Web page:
Curators Serving the Public Good

Martinon, Jean-Paul. 2021. Curators Serving the Public Good. Philosophies, 6, 28. ISSN 2409-9287 [Article]

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his article investigates a principle inscribed at the top of most codes of ethics for curators: they should always “serve the public good.” No self-respecting curator would ever admit to serve “the private good,” that is, the good of the few, whether that of an elite in power or of a circle of friends or allies. The principle of “serving the public good” is inalienable and unquestionable even in situations where it is most open to doubt. However, what exactly is the meaning of this seemingly “true” and on all accounts “universal” principle: “to serve the public good”? To address this question, I look at this principle for the way it is perceived as being both majestic in its impressive widespread acceptance and cloaked in ridicule for being so often disregarded. I will argue—with an example taken from the history of curating—that it is not the meaning attached to the principle that counts, but the respect that it enjoins. I conclude by drawing a few remarks on how the value of the “good” remains, after the principle has been cast aside and the priority of respect is acknowledged, a ghost on the horizon of all curators’ work.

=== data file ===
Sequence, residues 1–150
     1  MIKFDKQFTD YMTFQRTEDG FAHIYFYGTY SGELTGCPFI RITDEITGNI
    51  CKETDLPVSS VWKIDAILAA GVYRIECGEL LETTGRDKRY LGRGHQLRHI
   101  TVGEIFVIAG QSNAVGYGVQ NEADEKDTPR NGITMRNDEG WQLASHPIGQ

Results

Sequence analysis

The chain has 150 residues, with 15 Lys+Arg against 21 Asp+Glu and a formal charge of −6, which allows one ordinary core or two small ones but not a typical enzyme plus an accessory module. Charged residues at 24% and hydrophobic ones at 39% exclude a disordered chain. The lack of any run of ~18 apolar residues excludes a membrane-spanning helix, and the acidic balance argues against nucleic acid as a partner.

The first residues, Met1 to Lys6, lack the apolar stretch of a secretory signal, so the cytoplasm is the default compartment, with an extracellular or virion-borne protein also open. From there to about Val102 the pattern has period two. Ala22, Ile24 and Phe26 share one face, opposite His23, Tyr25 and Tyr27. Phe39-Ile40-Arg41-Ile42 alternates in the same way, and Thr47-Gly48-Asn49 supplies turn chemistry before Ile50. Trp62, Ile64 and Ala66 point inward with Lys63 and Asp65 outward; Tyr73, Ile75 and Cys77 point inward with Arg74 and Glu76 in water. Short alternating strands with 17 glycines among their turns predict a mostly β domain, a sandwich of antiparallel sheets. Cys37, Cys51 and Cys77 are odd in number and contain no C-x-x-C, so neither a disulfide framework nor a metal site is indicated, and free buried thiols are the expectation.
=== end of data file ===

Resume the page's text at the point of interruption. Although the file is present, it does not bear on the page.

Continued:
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This essay was originally presented as a paper on 11 December 2020 as part of the Curating and the Curatorial Lecture Series organised by the School of Design of the Central Academy of Fine Arts (CAFA), Beijing, China. I hereby extend my heartfelt thanks to both Xiewei Song and Naiyi Wang for the invitation and for the discussion that followed.


curating; ethics; code of ethics; public good; Degenerate Art Exhibition

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Visual Cultures


16 December 2021Submitted
29 March 2021Accepted
1 April 2021Published

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Date Deposited:

09 Sep 2021 09:40

Last Modified:

09 Sep 2021 09:40

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Yes, this version has been peer-reviewed.


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